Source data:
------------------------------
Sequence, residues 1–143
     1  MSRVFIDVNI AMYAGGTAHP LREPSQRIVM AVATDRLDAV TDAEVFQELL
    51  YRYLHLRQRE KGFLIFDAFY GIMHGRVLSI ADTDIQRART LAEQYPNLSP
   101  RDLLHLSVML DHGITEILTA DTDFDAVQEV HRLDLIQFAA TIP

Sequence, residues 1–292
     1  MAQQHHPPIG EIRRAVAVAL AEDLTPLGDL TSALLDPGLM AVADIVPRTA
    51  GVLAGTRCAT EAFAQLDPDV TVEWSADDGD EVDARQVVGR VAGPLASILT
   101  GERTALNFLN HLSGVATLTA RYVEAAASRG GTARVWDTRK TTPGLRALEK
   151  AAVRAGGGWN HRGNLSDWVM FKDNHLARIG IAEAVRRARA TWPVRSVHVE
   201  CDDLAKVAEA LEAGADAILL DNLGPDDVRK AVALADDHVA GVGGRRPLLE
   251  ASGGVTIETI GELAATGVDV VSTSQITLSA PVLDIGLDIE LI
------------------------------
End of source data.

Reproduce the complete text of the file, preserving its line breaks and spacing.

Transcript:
Sequence, residues 1–143
     1  MSRVFIDVNI AMYAGGTAHP LREPSQRIVM AVATDRLDAV TDAEVFQELL
    51  YRYLHLRQRE KGFLIFDAFY GIMHGRVLSI ADTDIQRART LAEQYPNLSP
   101  RDLLHLSVML DHGITEILTA DTDFDAVQEV HRLDLIQFAA TIP

Sequence, residues 1–292
     1  MAQQHHPPIG EIRRAVAVAL AEDLTPLGDL TSALLDPGLM AVADIVPRTA
    51  GVLAGTRCAT EAFAQLDPDV TVEWSADDGD EVDARQVVGR VAGPLASILT
   101  GERTALNFLN HLSGVATLTA RYVEAAASRG GTARVWDTRK TTPGLRALEK
   151  AAVRAGGGWN HRGNLSDWVM FKDNHLARIG IAEAVRRARA TWPVRSVHVE
   201  CDDLAKVAEA LEAGADAILL DNLGPDDVRK AVALADDHVA GVGGRRPLLE
   251  ASGGVTIETI GELAATGVDV VSTSQITLSA PVLDIGLDIE LI